I have found that many owners of lower mid-market businesses lack adequate knowledge on how a business sale is actually financed by a potential third-party acquirer. This is understandable given that most business owners will only go through the process of selling a business once. Unfortunately, this lack of knowledge is a contributing reason many deals are not consummated. Sellers are not the only ones to blame, though. Many buyers, and even their advisors, don't realize what it takes to finance the purchase of a business in the lower middle market. Buyers make unrealistic offers and when they approach a financing institution, the deal is rejected. Here we'll take a look at the specifics of financing in middle market business acquisitions.
Lower Mid-Market Deals 101The lower middle market accounts for more than an estimated 90 percent of the total number of all middle market companies in most global economies, so the lack of knowledge on deal structures is a significant succession planning issue.
Businesses in the lower mid-market, especially those with enterprise values between $5 and $25 million, are often stuck in no man's land. They are too small to be an impactful acquisition target for sizable strategic buyers or private equity groups, but too large for an individual buyer to finance. Typically, a competitor of relative size, high-net-worth individuals or investor groups are the most likely potential buyers. For these buyers, capital is not endless and they want to stretch their own equity investment as much as they can.
When assisting clients in the acquisition of a business, the starting point is to assess an appropriate valuation, while at the same time determining a financing structure that is believed to be achievable. All financing structures will consider some level of the following:
- Bank financing
- Vendor financing
- Purchaser's equity
Bank FinancingThe level of bank financing that can be obtained on the purchase/sale of a business is based on two things:
- The amount of tangible assets that can be pledged as security on the loan. This debt will be senior debt.
- The level of free cash flow available to service any amount of outstanding debt. This type of debt will be mezzanine, or subordinated (sub) debt.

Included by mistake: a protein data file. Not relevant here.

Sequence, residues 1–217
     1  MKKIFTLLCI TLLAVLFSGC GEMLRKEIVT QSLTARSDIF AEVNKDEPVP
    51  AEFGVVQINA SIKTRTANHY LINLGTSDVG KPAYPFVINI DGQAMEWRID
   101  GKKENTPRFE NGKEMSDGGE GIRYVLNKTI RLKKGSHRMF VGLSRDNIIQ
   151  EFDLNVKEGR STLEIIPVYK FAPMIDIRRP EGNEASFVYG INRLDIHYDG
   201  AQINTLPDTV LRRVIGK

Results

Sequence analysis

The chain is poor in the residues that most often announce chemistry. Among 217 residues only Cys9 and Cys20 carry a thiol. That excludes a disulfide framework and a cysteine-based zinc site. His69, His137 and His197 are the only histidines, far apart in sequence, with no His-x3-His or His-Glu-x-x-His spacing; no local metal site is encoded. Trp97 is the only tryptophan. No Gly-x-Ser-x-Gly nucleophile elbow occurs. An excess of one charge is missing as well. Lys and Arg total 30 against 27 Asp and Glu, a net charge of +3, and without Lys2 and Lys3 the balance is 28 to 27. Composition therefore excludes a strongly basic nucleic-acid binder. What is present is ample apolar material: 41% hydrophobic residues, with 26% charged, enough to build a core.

At a very high level, banks will require the acquired company to maintain a number of specified covenant ratios. Covenants that I have commonly encountered are debt to equity of 2.5:1 and a debt servicing coverage of 1.25:1. A financial model that forecasts profitability, asset levels and free cash flows will assist in determining the right level of bank financing that can be obtained. The allowable level of bank financing in a deal is a very mathematical calculation, but it is based on very subjective future projections. Having clear and defensible assumptions within these projections will go a long way toward obtaining the necessary level of financing from a bank.
Vendor Financing The right level of vendor financing is not as easy to quantify as bank financing. From my experience, vendor financing on lower middle market deals range from 0% to 30% of the purchase price. This level moves up or down depending on a number transactional risk factors including, but not limited to:
- The dependency of a business' operations on the owner rather than established systems and processes.
- The depth of the secondary management team staying on after the business is acquired.
- The level of customer concentration or diversity.
- The certainty of recurring revenue based on contractual obligations.
Vendor financing is one of the most contentious issues in closing the sale of a lower mid-market business. Vendors raise concern over the security (or lack thereof) available for a seller's note because bank financing will always take priority. The banks will also most likely ask for assignment and postponement, which will place restrictions on the repayment of the seller's note if the company is in breach of its covenants.
No doubt there is risk for the seller around vendor financing, but buyers require a certain amount to compensate for the transitional risk items noted above. If a vendor is adamant about reducing the level of the vendor financing, they will need to provide evidence on how the transitional risks can be mitigated.
EquityThe appropriate equity level is the easiest amount to figure out because it is just the remaining required capital to close the deal. Unfortunately, you must first nail down both the bank and vendor financing, which is sometimes difficult to do.
A bank will always require the purchaser to have some skin in the game. Much like vendor financing, banks want to ensure that the buyer is committed to making the deal work. From my experience, the lowest level of equity from a third party purchaser that a bank will allow is 15%. This might be lower in the case of a management buyout where the bank is already comfortable with the expertise and commitment levels of the existing management team.
Buyers will usually stretch to use the least amount of their capital in order to increase their return on equity. Sophisticated buyers are looking to generate equity returns of 25% to 35%. No buyer (at least in my experience) will use all of their own cash to finance a deal.
Understand Financing Structure to Get Your Deal Done
Most business owners don't understand how a business for sale is financed by a third-party acquirer. Unfortunately, this lack of knowledge can be the fundamental misunderstanding that causes such deals to fall through. If your mid-market business is on the auction block, take some time to learn about how potential purchasers will pay for it. It can make all the difference in getting the deal you want.